Wednesday, February 4, 2009

WORKAROUND: Misconfigured Windows-Integrated Authentication for Web Services

In trying to drive a process from a SharePoint list, I ran across a problem...

I couldn't create a web reference in my C# project due to some really weird problem... In the "Add web reference" wizard, I entered my URL, and was surprised by a pop-up titled "Discovery Credential", asking me for credentials for the site.

Since I was on the local domain and had "owner" permissions to the site, I thought I would just waltz in and get the WSDL.

Ok, so it wants creds... I gave it my own.


After a few attempts and access denied errors, I hit Cancel, and was rewarded by, of all things, the WSDL display... but I still couldn't add the reference.

After quite a bit of wrestling, it turns out there was an authentication provider configuration problem. The site was configured to use Kerberos authentication, but the active directory configuration was not set up correctly. (I believe it needed someone to use SetSPN to update the Service Principal Name (SPN) for the service.)

One way to resolve the problem was to set the authentication provider to NTLM, but in my case, I didn't have, (and wasn't likely to get) that configuration changed in the site (a SharePoint Web Application) I really needed access to.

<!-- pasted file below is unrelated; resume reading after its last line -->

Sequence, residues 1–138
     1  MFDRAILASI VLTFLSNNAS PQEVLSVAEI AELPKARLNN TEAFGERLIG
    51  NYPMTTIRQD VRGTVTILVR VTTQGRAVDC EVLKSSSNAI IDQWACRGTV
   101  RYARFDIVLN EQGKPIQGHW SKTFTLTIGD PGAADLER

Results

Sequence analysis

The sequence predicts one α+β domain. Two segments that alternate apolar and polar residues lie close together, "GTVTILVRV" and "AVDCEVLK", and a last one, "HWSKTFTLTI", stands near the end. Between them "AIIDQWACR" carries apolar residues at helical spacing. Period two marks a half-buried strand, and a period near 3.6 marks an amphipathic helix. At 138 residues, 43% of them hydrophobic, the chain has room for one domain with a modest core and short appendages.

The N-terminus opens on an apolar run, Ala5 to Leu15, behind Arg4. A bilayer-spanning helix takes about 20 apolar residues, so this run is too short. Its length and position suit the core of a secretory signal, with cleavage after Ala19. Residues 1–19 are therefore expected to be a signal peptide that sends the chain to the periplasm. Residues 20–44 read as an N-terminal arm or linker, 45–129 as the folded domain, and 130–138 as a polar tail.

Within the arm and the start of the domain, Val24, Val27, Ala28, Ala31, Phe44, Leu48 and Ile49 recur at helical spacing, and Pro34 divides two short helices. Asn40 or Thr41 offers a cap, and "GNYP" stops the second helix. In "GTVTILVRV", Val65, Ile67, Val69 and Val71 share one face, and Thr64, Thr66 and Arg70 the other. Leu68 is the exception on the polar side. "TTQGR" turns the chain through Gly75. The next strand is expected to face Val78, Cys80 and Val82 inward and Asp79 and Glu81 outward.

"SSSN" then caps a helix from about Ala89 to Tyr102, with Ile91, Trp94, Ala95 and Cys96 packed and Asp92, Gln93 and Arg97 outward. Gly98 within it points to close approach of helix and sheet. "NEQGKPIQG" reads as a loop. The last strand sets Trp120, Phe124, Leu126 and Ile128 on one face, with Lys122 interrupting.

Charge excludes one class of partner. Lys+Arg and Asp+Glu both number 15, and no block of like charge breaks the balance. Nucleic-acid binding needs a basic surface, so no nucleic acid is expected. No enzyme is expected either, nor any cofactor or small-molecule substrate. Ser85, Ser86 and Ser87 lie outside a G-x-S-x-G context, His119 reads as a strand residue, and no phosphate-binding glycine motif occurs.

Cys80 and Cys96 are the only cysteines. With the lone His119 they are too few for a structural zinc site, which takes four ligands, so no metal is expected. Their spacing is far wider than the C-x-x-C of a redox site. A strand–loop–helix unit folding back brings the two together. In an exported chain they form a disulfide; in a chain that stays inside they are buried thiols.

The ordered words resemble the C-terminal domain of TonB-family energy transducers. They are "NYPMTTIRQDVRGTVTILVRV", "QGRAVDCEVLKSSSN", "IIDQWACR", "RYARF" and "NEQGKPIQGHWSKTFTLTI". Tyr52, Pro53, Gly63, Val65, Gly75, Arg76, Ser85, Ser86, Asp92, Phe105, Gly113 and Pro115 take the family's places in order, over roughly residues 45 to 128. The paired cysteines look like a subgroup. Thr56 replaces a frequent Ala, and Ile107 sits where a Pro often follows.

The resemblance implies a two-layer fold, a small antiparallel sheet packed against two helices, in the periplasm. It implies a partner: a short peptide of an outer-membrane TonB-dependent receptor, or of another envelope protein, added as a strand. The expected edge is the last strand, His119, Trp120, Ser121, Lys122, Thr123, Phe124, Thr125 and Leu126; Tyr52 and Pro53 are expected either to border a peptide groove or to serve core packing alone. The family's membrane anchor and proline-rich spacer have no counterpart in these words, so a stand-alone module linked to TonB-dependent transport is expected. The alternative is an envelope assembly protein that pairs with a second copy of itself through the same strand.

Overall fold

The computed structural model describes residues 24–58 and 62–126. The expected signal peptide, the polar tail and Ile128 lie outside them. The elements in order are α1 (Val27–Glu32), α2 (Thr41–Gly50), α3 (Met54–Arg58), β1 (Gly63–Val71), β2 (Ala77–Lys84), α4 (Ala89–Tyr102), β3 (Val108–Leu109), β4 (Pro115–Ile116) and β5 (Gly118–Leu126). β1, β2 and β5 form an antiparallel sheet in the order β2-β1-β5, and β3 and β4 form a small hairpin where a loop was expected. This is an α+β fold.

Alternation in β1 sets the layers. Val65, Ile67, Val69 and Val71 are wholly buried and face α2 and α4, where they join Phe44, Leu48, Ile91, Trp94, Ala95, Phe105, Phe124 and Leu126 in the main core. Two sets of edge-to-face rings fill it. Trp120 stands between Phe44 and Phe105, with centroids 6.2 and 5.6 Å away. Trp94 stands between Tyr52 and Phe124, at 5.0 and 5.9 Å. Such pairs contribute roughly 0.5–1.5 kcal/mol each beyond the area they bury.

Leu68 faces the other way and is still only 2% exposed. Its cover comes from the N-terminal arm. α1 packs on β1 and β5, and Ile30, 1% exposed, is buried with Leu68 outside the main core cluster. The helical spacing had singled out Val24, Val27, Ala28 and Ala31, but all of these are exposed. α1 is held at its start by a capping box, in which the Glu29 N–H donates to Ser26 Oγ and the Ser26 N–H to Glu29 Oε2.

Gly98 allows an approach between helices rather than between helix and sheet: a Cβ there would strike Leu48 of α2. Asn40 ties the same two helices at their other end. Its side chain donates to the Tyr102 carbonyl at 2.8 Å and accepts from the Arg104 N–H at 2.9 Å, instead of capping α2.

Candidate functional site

In order to make it work, I had to initially create my reference to a similar, accessible site.

(e.g. http://host/sites/myaccessiblesite/_vti_bin/lists.asmx )

Then, I had to initialize the service as such, in code:

private void InitWebService()





SmokeTestSite.Lists workingLists = new SmokeTest.SmokeTestSite.Lists();

workingLists.Url = "http://host/sites/mybrokensite/_vti_bin/lists.asmx";

workingLists.UseDefaultCredentials = true;

workingLists.Proxy = null;

lists = workingLists;

What this accomplishes is it unregisters all authentication managers in your application domain. (This can only be done once in the same app domain. Attempts to unregister the same manager more than once while the program's running will throw an exception.)

So by having all the other authentication managers disabled in the client, the server would negotiate and agree on Ntlm authentication, which succeeds.

Wednesday, January 28, 2009

Anonymous Form Submission to Form Library with InfoPath in MOSS

Here's a bit of a trick I ran across while helping to develop some MOSS2007 solutions.

I needed to configure InfoPath so that it could submit documents to a site that the submitter would not be able to access. In SharePoint, this is not directly possible.

A common work-around is to set up incoming email for the target list, and submit by email to that. Unfortunately, my client is part-way through a Notes to Exchange migration, so this wasn't practical in the given time frame.